Archive for the ‘Woolf in Contemporary Fiction’ Category

In his full-color graphic novella, Athos in America, Norwegian cartoonist Jason include the story “The Brain That Wouldn’t Virginia Woolf,” a mash-up of The Brain That Wouldn’t Die and Who’s Afraid of Virginia Woolf, told in reverse chronological order.

Described as the volume’s “most heartbreaking tale” and as the peak of the artist’s “love of classic cinema and genre-bending,” the story may be a disappointment as a Woolf sighting. That is because it connects with the film made from Edward Albee’s play rather than Woolf herself, either as an author or a person.

The 2012 volume also includes five other stories, with the  title story providing a prequel to Jason’s 2008 graphic novel,  The Last Musketeer.

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I first read Kat Meads in a literary journal a few years ago, wowed by her essay on Sylvia Plath’s and Flannery O’Connor’s mothers. When I learned that this piece, along with ones on Virginia Woolf, Mary McCarthy and others, would be in her new essay collection, I ordered my copy and have been rewarded by everything about it, including the striking cover.

“Things Woolfian” is the opening act in These Particular Women. Meads recalls writing a term paper on Woolf’s novels for an honors class in 1973 when the Quentin Bell biography was the only secondary source. It’s the plethora of biographies and essays and analyses that have emerged over the past fifty years—and the turf wars over varying interpretations about Woolf’s life and work, often contrasting with Woolf’s own letters and autobiographical works—that Meads diligently scrutinizes.

Woolf, mental illness, sexuality and more

Regarding Woolf’s mental illness, she notes that not everyone accepted Leonard Woolf’s or Quentin Bell’s accounts, citing Hermione Lee and others who question the chronology and severity of Virginia’s breakdowns. Another hotly contested issue was Leonard’s role—help or hindrance?—with both pro- and anti-Leonard factions waging wars of words over the years.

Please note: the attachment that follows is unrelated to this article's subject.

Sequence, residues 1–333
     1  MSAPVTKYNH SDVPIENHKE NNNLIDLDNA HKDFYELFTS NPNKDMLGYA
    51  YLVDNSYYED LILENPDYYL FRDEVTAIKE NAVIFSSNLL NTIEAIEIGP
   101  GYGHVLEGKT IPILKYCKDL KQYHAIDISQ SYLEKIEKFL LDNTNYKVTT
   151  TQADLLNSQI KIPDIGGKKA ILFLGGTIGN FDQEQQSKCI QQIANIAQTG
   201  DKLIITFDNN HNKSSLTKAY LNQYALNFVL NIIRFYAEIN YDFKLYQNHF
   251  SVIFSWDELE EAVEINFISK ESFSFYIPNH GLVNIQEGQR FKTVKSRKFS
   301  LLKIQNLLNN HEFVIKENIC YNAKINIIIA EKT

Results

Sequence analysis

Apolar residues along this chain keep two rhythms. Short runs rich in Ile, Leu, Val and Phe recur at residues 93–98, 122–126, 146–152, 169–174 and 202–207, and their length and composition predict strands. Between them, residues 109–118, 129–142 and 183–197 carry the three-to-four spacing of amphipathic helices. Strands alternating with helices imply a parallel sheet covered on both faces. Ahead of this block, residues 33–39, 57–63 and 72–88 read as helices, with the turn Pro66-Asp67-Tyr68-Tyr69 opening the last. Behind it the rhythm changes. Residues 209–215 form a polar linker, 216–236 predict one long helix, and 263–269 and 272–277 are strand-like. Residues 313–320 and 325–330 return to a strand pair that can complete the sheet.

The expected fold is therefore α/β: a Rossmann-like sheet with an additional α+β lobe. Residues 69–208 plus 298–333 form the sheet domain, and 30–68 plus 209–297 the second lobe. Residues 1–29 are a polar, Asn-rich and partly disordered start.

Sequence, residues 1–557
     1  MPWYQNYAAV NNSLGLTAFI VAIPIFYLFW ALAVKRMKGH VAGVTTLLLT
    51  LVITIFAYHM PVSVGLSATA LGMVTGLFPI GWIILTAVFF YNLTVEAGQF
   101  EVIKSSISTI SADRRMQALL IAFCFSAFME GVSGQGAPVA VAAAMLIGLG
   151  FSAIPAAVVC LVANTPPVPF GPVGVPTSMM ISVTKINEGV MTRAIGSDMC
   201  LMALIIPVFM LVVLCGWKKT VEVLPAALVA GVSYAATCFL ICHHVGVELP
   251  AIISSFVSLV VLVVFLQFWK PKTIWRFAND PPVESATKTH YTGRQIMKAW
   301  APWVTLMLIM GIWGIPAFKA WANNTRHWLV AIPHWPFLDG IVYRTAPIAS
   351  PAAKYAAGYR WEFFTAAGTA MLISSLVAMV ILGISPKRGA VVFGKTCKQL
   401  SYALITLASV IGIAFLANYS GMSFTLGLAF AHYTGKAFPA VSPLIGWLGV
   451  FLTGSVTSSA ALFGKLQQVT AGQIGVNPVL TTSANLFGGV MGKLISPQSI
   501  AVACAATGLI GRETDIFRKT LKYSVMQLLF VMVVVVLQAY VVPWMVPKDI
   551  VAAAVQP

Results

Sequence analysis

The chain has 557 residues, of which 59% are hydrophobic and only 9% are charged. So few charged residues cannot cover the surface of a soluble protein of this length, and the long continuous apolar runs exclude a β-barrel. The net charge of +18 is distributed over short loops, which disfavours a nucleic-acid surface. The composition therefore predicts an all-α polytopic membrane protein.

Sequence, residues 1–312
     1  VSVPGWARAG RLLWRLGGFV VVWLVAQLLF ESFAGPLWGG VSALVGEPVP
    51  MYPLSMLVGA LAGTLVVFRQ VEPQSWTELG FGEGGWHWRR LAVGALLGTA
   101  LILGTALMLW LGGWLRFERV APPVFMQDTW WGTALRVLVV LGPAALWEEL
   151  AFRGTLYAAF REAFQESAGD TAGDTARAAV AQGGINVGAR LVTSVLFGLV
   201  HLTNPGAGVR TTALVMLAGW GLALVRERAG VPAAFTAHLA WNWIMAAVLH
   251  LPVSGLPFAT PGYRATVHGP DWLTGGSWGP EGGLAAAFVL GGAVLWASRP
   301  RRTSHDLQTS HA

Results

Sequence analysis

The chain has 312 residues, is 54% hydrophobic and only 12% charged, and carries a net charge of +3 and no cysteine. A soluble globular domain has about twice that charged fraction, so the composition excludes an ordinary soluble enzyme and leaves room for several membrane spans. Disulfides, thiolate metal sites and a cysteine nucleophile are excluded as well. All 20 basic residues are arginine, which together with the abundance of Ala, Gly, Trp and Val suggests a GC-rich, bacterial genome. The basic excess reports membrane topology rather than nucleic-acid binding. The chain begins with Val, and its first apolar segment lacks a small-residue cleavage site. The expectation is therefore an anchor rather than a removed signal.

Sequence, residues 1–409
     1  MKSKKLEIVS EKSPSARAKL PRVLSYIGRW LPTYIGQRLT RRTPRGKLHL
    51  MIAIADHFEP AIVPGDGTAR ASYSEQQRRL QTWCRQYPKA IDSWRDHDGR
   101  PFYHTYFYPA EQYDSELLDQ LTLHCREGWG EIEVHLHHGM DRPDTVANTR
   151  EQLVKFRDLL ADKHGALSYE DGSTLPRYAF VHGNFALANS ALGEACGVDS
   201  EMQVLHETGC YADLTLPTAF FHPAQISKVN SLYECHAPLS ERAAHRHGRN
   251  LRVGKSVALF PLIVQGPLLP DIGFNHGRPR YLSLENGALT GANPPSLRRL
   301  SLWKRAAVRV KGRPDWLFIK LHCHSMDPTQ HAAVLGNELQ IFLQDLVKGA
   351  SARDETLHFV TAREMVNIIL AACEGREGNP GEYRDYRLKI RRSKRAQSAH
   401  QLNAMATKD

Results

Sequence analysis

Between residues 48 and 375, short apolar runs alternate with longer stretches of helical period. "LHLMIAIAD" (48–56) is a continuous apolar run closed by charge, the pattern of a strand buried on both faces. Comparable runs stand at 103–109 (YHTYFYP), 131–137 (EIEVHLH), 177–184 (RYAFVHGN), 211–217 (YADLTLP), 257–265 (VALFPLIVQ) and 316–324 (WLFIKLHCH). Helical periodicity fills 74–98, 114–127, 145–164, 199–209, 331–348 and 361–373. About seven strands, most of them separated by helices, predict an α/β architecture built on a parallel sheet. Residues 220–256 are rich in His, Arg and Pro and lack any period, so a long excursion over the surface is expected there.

Virginia Woolf’s sexuality, her relationships with friends and family, her idiosyncrasies, her death and her afterlife are explored through the extensive written record Meads—and we—sift through today.

These Particular Women approaches its other subjects with a similar dissection of the historical record, sourcing biographers, journalists, and contemporaries to speculate about Agatha Christie’s eleven-day disappearance, Kitty Oppenheimer’s struggles in her husband’s shadow, Mary McCarthy’s presentation of self, Jean Harris as dissected by Shana Alexander and Diana Trilling. Each of these women was a rebel, out of step with and often ahead of her times.

More from Kat Meads

Kat Meads has also written works of fiction, poetry, and memoir, and I can’t sign off without a brief synopsis (with Woolf citation) of her wildly entertaining 2018 novel, Miss Jane: The Lost Years. Miss Jane, a student, endures emotional abuse at the hands of the despicable Prof P, under the watchful eyes of the Greek chorus that narrates her tale.

When Prof P storms out after one of his tirades, they wish him “Good riddance! One less misery in the house!” But they become concerned about how she’ll respond to being alone. They’re relieved that there’s no shotgun in the house, that the ocean is four hours east, and:

We’re relieved Miss Jane doesn’t daily stroll alongside an Ouse-ian river with fast-flowing, tempting tides. We’re relieved Miss Jane stopped reading Virginia…. We’re relieved Miss Jane has collected no pocket stones.


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This Devastating Fever, a new novel by Sophie Cunningham, follows the story of novelist Alice Fox and her struggles to write about Leonard Woolf as he deals with what he and Virginia would do if Hitler invaded England.